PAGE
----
In issue #28, I included a link to a paper in Nature Medicine that discusses insulin dosage optimisation with AI. It seemed just right for the topic of this one to be blood glucose management with tech.
The prevalence of diabetes and especially type-2 diabetes (DT2) is increasing. Some sources report that 34 million Americans were diagnosed with DT2 and 7 million are undiagnosed. All in all, this accounts for almost 14% of their population. WHO estimates that 8.5% of people in the world have DT2. About 1.6 million deaths are caused every year directly by diabetes, and another 2.2 million by high blood glucose (data from 2016). Yuval Noah Harari was right when he said that sugar is more dangerous than gunpowder in his book Homo Deus.
One thing is clear: the prevalence of diabetes is increasing at alarming rates. One of the problems is the management of diabetes, which has to be, in some way or another, overlooked by a physician. But the number of patients is increasing well beyond the number of endocrinologists and there’s a shortage of them. That’s why we have to think about how a primary care physician may be able to manage the patients’ insulin without being specialised for it. Plus, it’s time-consuming to manage all of this manually. Here’s the opportunity for exploring novel ideas and technologies.
The above-mentioned paper wanted to evaluate if tech is as reliable as an endocrinologist in management of type-1 diabetes. The study was conducted in a simple way. Two groups of patients either received insulin either guided by a physician or by a decision support system using AI (AI-DSS).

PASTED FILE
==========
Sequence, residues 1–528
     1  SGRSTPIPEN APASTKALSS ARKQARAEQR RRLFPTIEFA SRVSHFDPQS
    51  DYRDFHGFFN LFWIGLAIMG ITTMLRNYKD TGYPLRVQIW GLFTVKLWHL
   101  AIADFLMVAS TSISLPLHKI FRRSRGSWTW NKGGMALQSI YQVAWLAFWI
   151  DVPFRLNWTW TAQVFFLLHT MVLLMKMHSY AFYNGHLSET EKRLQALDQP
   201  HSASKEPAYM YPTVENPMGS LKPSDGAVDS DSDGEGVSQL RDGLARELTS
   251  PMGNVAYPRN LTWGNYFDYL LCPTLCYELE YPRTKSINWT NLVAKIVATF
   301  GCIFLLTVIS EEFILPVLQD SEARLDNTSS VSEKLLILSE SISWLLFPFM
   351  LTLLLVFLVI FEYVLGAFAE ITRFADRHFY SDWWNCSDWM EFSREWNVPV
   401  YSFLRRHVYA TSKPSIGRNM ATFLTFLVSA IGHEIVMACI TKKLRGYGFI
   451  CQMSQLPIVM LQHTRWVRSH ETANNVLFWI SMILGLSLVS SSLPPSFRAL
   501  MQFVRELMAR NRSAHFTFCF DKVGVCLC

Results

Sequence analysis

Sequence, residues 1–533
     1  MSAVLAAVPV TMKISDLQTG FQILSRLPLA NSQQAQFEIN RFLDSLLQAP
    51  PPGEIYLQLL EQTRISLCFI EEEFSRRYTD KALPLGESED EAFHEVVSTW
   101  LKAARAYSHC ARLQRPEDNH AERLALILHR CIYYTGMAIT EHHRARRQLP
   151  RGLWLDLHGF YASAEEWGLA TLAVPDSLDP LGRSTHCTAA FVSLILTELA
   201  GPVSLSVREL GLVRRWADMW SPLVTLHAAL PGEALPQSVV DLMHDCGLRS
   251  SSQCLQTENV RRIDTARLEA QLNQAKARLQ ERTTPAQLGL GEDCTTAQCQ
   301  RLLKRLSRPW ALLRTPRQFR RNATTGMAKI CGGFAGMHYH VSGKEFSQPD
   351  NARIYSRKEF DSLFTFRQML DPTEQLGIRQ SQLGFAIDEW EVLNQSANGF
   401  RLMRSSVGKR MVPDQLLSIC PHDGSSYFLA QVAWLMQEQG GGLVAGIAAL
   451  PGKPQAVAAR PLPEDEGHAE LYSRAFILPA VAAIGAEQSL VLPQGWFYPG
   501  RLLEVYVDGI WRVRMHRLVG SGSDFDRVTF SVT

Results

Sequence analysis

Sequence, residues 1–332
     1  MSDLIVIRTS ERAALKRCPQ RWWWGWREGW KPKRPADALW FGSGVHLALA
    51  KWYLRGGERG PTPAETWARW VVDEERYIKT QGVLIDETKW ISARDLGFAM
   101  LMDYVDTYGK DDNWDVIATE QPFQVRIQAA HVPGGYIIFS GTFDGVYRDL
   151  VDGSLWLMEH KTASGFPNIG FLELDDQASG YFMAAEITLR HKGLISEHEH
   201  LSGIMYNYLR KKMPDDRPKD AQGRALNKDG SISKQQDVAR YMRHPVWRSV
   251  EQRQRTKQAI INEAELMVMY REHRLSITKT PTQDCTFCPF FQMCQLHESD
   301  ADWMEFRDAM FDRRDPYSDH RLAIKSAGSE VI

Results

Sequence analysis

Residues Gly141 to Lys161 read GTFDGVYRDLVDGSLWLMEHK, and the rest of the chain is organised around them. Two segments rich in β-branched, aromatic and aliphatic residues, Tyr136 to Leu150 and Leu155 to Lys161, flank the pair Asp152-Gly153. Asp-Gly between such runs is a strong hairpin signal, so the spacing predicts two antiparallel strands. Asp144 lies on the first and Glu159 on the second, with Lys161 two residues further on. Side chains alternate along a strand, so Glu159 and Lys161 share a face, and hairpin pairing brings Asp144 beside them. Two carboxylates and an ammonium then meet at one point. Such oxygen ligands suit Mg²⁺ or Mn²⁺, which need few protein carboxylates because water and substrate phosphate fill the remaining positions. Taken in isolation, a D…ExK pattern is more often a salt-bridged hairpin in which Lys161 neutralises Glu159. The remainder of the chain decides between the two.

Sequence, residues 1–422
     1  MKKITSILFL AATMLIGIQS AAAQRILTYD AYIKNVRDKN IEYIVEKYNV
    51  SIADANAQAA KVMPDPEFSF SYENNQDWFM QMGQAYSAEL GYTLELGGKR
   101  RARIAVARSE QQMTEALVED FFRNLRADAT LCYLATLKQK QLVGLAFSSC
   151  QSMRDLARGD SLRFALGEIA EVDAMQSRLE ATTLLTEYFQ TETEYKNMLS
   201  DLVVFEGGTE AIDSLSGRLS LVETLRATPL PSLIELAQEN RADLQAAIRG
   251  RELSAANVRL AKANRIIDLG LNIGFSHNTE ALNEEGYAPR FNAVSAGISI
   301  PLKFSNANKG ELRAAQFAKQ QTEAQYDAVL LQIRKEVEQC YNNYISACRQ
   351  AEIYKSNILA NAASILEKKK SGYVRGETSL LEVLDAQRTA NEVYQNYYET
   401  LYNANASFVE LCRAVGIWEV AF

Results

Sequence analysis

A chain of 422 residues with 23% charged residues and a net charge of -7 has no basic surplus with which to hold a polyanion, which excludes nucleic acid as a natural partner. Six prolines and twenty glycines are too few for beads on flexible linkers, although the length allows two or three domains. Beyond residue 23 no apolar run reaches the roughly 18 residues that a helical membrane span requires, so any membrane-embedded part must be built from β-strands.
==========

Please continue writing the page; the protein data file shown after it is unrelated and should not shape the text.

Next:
During its course, “three severe adverse effects related to diabetes (two severe hypoglycemia, one diabetic ketoacidosis) were reported in the physician group and none in the AI-DSS group.” This is an incredible finding, one that shows how useful a decision support system is. Yet, it’s important to stress that this is a support system, not a replacement for physicians. They concluded that a DSS is non-inferior to specialised physicians in diabetic centres.
In this case, glucose was monitored in participants with a continuous glucose monitor (CGM). They come in various shapes and forms, but most commonly in a plaster-like structure that measures blood glucose throughout the day, every day. Without drawing blood from a finger. A popular and the standard is Dexcom, which (like many others) also offers a direct connection with an app.
CGMs are not only interesting for controlling diabetes, but also for observing metabolism, especially after meals and exercise. The problem is getting CGMs since you usually have to be eligible for getting it (correct me if I’m wrong). However, this doesn’t mean we can’t learn about them!
The first time I came across CGMs was on The Peter Attia Drive Podcast hosted by a doctor focusing on longevity. He wears a CGM (not sure which one) daily and is observing how his body reacts to exercise and food and actively shares this with his listeners and followers (usually on his Instagram). I was attracted to the idea and became attentive.
Then, not long ago, I found out about Levels, which is a company that makes more modern CGMs. You still have to request access and fulfil some criteria, but I like the idea. Specifically, they focus more on the exercise part and how to optimise your food intake for better health.
Once again, just as I pointed out multiple times with regards to Whoop in the previous issue, the added value to this product is their app. Again, collecting data about exercise, food intake and blood glucose response to give you feedback on what and how to change your lifestyle. However, Levels CGM is also only available with a prescription (and probably only in the USA), so I’ll be keen to explore more on who actually uses it.